Healthy Americans Act - Senate Committee Alternatives

Senate Committee Alternatives

In November 2008, The Hill pointed out that the Act, despite its two-year head start and its cosponsors from both parties, was in competition with the (then-)undrafted proposals in the works from Senator Max Baucus (D-Montana), chairman of the Senate Committee on Finance, and Ted Kennedy (D-Massachusetts), chairman of the Committee on Health, Education, Labor, and Pensions.

In June 2009, just after the CBO announced that the then-current draft of the bill from Baucus' Finance Committee would increase the federal budget deficit by $1.6 trillion during its first decade and would leave millions of people uninsured, the Wall Street Journal characterized the "less-radical" HAA as "Wyden's Third Way" and pointed out some key differences between the majority's proposal and HAA:

The plans favored by Massachusetts Sen. Ted Kennedy or President Barack Obama rely on a "public option" in which government insurance would supposedly "compete" with private insurers, a move many see as leading to a single-payer system. By contrast, the Wyden-Bennett Healthy Americans Act relies on the private insurance market while imposing a series of regulations to squeeze savings from the private sector. It also requires individuals to buy coverage for themselves, the controversial "individual mandate."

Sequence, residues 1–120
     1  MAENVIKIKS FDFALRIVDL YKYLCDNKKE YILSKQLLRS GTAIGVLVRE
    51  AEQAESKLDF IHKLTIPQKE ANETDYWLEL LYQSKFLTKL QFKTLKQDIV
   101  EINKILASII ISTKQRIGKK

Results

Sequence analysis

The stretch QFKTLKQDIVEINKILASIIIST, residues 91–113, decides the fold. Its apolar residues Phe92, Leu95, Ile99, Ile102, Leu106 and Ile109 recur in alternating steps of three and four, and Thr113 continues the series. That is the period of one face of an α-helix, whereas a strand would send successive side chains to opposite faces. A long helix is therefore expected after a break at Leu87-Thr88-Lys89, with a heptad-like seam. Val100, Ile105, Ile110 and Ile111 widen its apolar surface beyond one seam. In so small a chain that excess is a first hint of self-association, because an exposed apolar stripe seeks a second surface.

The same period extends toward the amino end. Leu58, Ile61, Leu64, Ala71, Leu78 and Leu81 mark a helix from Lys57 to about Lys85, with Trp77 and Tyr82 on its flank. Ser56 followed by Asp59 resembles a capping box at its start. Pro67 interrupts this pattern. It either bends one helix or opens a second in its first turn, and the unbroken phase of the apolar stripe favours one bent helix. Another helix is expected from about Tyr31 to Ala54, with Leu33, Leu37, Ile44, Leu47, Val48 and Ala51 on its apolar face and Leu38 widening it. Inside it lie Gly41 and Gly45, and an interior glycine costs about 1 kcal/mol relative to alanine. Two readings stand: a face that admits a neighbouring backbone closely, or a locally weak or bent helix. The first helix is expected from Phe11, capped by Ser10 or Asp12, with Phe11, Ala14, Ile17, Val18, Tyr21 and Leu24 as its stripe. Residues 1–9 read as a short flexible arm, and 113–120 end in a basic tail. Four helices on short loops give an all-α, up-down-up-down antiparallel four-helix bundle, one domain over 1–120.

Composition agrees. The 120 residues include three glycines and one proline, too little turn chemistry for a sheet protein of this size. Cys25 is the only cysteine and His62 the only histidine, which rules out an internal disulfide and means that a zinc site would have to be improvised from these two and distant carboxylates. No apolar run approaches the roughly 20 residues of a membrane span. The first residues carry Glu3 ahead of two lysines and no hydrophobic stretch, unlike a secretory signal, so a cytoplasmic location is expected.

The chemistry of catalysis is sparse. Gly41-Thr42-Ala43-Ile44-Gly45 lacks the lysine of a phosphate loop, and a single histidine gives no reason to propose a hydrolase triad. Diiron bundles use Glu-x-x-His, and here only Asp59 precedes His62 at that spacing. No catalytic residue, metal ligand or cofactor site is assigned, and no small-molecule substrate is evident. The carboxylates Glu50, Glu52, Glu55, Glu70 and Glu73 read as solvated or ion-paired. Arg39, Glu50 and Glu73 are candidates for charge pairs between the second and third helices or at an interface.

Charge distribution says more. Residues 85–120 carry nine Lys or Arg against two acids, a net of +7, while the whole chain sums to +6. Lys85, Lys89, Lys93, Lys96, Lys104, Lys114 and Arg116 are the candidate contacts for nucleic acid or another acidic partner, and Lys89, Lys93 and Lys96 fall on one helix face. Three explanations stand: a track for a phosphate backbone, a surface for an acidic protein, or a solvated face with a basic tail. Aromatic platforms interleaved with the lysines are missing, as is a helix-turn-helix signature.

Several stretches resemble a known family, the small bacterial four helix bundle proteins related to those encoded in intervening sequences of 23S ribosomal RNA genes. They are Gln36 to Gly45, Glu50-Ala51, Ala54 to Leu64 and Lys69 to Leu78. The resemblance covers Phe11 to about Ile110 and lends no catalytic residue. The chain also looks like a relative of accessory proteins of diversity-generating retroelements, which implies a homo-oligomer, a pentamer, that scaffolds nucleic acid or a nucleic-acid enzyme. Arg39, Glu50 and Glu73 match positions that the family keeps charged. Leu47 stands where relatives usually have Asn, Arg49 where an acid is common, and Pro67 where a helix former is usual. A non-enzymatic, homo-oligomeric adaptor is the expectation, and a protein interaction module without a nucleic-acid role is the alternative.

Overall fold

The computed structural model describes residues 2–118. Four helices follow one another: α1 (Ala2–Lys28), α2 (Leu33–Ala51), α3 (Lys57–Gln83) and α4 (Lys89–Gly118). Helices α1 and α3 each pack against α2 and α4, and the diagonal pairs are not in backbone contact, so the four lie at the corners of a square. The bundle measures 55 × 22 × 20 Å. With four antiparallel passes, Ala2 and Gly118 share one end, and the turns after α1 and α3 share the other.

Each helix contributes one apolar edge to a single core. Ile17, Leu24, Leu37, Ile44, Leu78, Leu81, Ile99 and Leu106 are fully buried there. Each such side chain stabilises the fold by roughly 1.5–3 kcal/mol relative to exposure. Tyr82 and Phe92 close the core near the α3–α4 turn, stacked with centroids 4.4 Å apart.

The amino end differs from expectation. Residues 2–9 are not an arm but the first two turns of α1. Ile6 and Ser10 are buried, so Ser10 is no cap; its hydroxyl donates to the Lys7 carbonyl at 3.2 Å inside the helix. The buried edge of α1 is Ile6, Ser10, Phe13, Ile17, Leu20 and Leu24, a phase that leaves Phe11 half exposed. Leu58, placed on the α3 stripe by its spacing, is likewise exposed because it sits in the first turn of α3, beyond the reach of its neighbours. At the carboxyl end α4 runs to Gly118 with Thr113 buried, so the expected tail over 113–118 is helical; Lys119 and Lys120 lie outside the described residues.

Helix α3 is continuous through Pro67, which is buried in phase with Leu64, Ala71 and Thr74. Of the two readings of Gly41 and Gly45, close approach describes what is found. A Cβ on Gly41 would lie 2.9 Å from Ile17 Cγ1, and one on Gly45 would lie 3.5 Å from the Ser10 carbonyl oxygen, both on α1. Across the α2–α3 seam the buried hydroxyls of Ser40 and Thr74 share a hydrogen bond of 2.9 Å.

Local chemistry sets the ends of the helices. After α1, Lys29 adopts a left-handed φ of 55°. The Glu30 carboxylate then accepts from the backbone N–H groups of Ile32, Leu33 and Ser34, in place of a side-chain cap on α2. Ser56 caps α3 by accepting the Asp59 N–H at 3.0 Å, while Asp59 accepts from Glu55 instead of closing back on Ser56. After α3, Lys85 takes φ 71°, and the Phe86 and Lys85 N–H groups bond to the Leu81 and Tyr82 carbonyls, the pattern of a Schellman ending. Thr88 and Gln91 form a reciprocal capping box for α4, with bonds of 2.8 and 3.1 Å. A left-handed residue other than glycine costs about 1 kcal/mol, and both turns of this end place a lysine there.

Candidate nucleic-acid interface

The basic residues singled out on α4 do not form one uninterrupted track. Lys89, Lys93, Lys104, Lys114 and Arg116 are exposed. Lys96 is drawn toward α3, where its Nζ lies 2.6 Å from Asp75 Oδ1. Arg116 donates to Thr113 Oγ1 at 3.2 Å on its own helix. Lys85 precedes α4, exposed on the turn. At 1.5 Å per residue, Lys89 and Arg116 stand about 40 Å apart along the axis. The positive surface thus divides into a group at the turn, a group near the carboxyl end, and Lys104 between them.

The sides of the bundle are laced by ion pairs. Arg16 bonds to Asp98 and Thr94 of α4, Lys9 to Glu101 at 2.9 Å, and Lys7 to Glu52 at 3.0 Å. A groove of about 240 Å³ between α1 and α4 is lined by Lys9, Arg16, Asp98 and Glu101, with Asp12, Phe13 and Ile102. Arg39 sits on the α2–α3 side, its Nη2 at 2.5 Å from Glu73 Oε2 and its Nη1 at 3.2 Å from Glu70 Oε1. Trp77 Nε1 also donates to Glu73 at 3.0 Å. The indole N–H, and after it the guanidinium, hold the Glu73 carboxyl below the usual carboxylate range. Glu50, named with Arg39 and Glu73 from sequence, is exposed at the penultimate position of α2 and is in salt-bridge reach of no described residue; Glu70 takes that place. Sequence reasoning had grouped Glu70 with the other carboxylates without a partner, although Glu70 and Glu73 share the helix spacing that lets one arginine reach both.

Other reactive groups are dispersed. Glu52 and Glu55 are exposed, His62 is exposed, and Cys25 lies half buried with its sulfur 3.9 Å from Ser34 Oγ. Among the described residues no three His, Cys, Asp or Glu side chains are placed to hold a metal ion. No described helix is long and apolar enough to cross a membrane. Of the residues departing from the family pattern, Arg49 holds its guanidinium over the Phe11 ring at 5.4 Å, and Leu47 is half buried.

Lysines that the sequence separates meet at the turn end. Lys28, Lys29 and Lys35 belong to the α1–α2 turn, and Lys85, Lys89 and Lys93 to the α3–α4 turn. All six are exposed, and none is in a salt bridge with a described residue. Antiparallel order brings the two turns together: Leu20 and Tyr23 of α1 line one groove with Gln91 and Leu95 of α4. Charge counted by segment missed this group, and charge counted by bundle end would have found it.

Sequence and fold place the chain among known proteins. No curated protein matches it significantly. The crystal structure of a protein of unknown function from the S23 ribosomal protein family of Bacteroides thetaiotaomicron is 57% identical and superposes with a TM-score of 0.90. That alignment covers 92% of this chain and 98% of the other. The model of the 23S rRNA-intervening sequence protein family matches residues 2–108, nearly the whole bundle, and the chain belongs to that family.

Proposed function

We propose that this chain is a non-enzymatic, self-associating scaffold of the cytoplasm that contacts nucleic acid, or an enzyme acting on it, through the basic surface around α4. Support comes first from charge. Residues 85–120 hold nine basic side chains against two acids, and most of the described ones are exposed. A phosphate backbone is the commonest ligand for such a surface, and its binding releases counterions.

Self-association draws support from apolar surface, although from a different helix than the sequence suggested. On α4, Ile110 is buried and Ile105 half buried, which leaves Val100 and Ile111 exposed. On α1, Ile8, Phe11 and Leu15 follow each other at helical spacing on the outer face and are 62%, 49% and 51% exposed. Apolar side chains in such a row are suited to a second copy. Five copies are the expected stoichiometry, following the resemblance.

David Brooks of The New York Times provided evidence of the political impediments to HAA, citing an incident witnessed during a May 12, 2009 hearing during which the Senate Finance Committee heard from a "vast majority" of over a dozen experts from the right and the left who "agreed that ending the tax exemption on employer-provided health benefits should be part of a reform package"; according to Brooks, Wyden pointed out to those in attendance that HAA repeals the exemption and provides universal coverage", a comment provoking what Brooks characterized as an "exasperated" look that made it clear that the idea wasn't going to part of his committees legislative drafts. Brooks pointed out that "senators don’t run thingshairmen and their staffs run things"; he acknowledged there are "brewing efforts to incorporate a few Wyden-Bennett ideas" but pointed out the "stiff resistance to the aspects that fundamentally change incentives", resistance originating in "committee staffs don’t like the approach because it’s not what they’ve been thinking about."

Read more about this topic:  Healthy Americans Act

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